Miss Vernon to Mr. De Courcy
Sir,--I hope you will excuse this liberty; I am forced upon it by the reatest distress, or I should be shamed to trouble you. I am very miserable about Sir James Martin, and have no other way in the world of helping myself but by writing to you, for I am forbidden even speaking to my uncle and aunt on the subject; and this being the case, I am afraid my applying to you will appear no better than equivocation, and as if I attended to the letter and not the spirit of mamma's commands. But if you do not take my part and persuade her to break it off, I shall be half distracted, for I cannot bear him. No human being but you could have any chance of prevailing with her. If you will, therefore, have the unspeakably great kindness of taking my part with her, and persuading her to send Sir James away, I shall be more obliged to you than it is possible for me to express. I always disliked him from the first: it is not a sudden fancy, I assure you, sir; I always thought him silly and impertinent and disagreeable, and now he is grown worse than ever. I would rather work for my bread than marry him. I do not know how to apologize enough for this letter; I know it is taking so great a liberty. I am aware how dreadfully angry it will make mamma, but I remember the risk.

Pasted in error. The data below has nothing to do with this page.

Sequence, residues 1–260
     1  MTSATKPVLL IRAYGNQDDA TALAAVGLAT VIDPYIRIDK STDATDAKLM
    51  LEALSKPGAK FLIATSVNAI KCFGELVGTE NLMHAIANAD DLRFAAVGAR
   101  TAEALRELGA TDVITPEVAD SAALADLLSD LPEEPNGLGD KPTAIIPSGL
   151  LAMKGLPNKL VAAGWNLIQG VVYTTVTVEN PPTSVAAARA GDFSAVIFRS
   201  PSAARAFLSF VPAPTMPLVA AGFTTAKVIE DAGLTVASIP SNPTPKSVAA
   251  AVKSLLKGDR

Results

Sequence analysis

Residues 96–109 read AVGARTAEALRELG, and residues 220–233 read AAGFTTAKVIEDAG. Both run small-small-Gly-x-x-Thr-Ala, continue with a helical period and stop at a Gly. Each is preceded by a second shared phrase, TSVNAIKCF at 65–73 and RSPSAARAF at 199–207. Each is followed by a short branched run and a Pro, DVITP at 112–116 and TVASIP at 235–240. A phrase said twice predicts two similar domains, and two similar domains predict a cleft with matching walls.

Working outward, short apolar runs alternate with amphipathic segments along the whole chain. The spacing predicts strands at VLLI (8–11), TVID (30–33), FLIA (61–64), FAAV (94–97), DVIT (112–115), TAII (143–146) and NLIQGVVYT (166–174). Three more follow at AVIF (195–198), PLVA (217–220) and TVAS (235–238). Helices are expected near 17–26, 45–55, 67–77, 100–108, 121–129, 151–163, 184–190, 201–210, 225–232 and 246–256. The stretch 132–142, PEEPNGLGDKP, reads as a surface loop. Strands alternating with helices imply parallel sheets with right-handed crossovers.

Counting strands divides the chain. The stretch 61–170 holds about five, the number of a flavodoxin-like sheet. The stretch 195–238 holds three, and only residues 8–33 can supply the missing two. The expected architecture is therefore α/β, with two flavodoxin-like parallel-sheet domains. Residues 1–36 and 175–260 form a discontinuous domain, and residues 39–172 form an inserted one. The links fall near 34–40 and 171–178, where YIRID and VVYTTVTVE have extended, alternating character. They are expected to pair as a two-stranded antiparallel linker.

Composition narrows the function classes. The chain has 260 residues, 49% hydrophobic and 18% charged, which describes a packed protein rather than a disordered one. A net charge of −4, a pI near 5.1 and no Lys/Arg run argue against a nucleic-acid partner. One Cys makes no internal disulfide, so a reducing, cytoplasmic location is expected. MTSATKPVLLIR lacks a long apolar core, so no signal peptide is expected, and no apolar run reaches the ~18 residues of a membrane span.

I am, Sir, your most humble servant,
F. S. V.